Go vs. Python for a simple web server login
When Go language was announced, I liked what I saw. However, to make an informed opinion about a programming language you really have to implement something in it, and that’s what I did.
I re-wrote a web server applications originally built in Python, using Tornado web framework.
The app is relatively simple: it implements 5 REST points, each returning a JSON-formatted data that it gets by executing other applications and converting their output to a data structure.
Go version used built-in HTTP library (there are other options, like web.go).
If there’s one feature where Go easily beats Python it’s concurrency. Mainstream languages, including Python, use threads for concurrency and locking for protecting shared data, which is error prone. In addition, threading in Python performs poorly due to GIL.
In web serving context, thread-per-connection way of handling HTTP requests is resource intensive so efficient Python web servers (like Tornado) are event driven.
The downside of that is that at any given time Tornado can process only one HTTP request. If that processing takes a long time, it blocks all other requests.
To fix the single-threaded nature of event driven web servers, people run several server processes behind an efficient, proxying web server like nginx, which increases the complexity of the overall solution.
In Go, writing concurrent code is more natural and efficiency of goroutines is much better than threads. That makes goroutine-per-connection way of handling HTTP requests more applicable even in heavily stressed applications.
Source code size
Go is remarkably concise for a strongly typed language with C-like syntax. Python code was about 1000 lines and Go equivalent about 1300 lines. I consider that a great result.
There are some things, like sorting vectors of structs, that require longer code than in Python (one case where dynamic typing helps) but overall you can write very compact code in Go.
Speed and memory efficiency
I haven’t measured. Generally speaking, Go is compiled to assembly code and its data structures don’t suffer Python’s terrible per-object overhead, so it should be more efficient in both speed and memory usage.
Currently Go’s speed is handicapped by a weak garbage collector (an issue known to Go’s developers who claim this is actively being worked on)
Other things I like about Go
Go’s syntax is very C-like but it cleverly gets rid of one source of noise in C: semicolons. They are still there but they can be omitted in most cases (Go compiler figures out where a semicolon is supposed to be). It makes Go code look cleaner.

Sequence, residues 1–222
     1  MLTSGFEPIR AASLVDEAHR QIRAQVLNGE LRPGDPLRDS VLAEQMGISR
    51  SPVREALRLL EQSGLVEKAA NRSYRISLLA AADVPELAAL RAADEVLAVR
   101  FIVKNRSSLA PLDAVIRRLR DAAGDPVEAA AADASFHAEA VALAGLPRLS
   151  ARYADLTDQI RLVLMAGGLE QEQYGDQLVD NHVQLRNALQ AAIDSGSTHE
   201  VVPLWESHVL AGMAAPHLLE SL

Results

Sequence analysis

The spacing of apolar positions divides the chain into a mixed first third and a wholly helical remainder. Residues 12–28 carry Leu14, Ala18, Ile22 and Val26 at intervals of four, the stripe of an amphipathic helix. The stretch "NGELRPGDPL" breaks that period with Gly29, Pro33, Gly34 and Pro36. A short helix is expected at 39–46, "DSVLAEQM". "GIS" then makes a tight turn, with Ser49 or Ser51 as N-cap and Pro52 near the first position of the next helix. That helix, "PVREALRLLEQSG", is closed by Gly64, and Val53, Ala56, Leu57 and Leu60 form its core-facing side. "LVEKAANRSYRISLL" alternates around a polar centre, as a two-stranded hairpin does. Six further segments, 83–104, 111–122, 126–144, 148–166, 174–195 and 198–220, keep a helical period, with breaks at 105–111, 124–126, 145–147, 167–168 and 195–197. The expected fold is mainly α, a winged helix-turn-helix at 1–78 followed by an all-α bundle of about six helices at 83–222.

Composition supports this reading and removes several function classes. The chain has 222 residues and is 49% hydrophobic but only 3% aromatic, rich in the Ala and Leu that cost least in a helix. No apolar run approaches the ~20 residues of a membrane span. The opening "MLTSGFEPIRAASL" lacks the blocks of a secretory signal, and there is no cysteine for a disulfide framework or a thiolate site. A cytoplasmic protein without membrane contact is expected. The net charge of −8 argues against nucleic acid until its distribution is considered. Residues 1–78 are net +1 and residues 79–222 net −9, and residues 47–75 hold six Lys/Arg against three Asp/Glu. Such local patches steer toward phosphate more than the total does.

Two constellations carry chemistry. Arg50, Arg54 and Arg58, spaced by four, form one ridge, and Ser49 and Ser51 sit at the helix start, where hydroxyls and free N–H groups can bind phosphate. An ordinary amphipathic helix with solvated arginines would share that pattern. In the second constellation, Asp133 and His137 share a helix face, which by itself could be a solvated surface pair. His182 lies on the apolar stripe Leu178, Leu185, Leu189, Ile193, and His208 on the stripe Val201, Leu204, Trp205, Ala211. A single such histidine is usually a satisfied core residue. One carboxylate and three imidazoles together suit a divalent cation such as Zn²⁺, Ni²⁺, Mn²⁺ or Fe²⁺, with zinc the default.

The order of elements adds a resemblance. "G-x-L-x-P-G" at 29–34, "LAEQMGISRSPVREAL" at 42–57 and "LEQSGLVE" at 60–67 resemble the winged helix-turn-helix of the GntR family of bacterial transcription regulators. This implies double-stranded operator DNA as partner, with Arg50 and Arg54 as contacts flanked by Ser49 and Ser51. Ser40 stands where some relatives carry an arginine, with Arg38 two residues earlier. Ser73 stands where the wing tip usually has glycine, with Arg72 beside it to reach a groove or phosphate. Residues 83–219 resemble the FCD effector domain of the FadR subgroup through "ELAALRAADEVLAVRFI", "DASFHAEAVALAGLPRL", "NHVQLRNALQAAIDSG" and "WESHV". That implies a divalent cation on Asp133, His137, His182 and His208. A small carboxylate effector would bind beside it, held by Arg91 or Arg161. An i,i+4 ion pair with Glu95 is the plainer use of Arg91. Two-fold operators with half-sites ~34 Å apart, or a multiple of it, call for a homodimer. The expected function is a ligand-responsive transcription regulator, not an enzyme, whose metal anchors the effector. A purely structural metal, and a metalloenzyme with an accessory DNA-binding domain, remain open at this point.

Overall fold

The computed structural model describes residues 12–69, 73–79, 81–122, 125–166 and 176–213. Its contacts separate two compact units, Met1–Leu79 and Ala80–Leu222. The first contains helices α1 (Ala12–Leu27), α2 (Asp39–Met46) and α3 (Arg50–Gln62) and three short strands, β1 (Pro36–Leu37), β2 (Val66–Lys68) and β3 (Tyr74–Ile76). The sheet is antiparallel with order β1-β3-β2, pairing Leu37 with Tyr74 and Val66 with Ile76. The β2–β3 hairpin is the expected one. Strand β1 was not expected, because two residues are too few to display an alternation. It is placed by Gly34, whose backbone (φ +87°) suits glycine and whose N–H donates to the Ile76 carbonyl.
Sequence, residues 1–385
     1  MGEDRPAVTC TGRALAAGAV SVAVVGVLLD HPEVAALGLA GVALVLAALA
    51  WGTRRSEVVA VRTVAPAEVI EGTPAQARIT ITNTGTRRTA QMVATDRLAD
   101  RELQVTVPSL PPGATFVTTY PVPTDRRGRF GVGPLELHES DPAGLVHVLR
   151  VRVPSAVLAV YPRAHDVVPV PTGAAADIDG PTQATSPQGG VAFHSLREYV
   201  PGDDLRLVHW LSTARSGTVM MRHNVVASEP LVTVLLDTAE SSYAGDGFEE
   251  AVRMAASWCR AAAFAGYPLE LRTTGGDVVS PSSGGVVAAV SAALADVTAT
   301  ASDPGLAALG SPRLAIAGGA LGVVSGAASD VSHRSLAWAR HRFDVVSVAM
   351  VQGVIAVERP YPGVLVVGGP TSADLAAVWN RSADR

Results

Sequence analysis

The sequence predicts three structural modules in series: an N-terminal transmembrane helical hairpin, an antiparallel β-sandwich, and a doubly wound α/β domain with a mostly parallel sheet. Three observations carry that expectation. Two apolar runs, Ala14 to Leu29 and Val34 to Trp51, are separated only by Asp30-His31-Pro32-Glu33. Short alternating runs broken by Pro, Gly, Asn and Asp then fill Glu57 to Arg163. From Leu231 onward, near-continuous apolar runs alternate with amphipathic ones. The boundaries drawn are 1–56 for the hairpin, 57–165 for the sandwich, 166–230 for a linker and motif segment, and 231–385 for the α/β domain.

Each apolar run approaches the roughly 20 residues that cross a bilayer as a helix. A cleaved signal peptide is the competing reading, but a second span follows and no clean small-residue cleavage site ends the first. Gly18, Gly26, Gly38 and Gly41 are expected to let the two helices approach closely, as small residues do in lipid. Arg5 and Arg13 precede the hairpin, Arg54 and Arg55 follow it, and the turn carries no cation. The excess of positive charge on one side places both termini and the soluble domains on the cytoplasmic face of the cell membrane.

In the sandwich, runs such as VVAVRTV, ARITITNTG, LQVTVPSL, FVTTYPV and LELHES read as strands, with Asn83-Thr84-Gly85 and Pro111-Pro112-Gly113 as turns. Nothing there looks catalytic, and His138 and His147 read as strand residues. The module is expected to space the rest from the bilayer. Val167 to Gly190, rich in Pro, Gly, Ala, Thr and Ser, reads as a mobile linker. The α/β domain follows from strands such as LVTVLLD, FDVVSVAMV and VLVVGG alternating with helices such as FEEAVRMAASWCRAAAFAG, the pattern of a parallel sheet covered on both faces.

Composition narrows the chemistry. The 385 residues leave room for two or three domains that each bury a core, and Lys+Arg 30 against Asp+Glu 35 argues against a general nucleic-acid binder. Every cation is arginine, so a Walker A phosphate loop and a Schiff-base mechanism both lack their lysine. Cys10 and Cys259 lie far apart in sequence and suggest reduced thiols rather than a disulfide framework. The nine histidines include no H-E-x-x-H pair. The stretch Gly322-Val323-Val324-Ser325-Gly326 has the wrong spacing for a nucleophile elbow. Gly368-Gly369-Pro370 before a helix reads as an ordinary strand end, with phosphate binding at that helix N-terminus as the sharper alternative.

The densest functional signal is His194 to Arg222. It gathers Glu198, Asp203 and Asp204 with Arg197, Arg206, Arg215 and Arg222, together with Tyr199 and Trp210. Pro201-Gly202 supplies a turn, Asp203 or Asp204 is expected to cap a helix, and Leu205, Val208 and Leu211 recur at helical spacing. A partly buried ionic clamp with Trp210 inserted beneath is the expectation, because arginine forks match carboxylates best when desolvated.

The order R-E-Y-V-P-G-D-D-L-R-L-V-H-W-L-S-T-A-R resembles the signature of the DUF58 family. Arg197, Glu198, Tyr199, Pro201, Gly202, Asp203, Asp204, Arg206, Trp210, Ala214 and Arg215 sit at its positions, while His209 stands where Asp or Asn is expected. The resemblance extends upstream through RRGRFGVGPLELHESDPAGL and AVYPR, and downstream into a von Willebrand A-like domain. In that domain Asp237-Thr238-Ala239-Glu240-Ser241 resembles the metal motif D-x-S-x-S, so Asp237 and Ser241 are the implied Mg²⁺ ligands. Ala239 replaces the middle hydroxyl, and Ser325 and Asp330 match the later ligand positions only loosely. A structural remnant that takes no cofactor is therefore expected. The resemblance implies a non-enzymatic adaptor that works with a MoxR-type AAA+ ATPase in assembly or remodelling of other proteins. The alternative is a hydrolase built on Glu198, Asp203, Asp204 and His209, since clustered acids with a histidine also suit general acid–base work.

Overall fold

I like how classes were replaced by interfaces. They especially shine in i/o code and layered streams (e.g. a compressed stream that wraps encrypted stream that wraps stream from a file or network or memory). They’re easy to use from the client point of view and it’s easy to implement a new type of wrapper (e.g. using a new encryption algorithm or new compression scheme).
Another nice property of Go is how it minimizes indentation (compared to e.g. C++ code or Java code).
C and C++ suffer from big variations in programming style which makes combining two code bases written in different styles or reading code in a different style that you’re used to hard.
Python solved this problem well by requiring white space for indentation instead of free-form braces.
Go fixes this problem by convention: while one can be as inconsistent as in C, go includes
gofmt program, which will reformat the code in a way consistent with official Go style. Go’s standard library code uses this style and most developers writing their own libraries seem to have adopted that as well, to play nice with the ecosystem.
Go’s downside is lack of maturity and weak Windows support. There are still rather serious bugs being fixed in the compiler and the runtime, built-in libraries aren’t as complete as in older implementations like Perl, Python or Ruby, there’s much less third party libraries.
In defense of Go, you can hardly expect miracles. Go is a very young implementation and seems to be more mature that other language implementations were at that age.
Overall, the experience was positive and I would seriously consider using Go for writing server side of web applications. It provides a right balance between speed and memory efficiency of the running code (much closer to C than to e.g. Python) and speed of development (much closer to Python than to C).
It’s also reasonable to expect that it’ll only get better in the future. While Google doesn’t devote a huge team to Go, those who are on the team have demonstrated in the past that they know how to get things done.
Go is used internally at Google, so it won’t be abandoned.
As far as open-source projects go, this one is well managed i.e. Go team encourages outside code contributions and is quite speedy in reviewing and committing external patches.
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